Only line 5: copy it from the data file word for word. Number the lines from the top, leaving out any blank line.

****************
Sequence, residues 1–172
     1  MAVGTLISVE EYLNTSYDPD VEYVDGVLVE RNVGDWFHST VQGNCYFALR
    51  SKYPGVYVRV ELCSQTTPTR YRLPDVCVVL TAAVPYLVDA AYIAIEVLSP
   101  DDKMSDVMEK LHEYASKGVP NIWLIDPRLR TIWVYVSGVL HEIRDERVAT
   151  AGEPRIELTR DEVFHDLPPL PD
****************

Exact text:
   151  AGEPRIELTR DEVFHDLPPL PD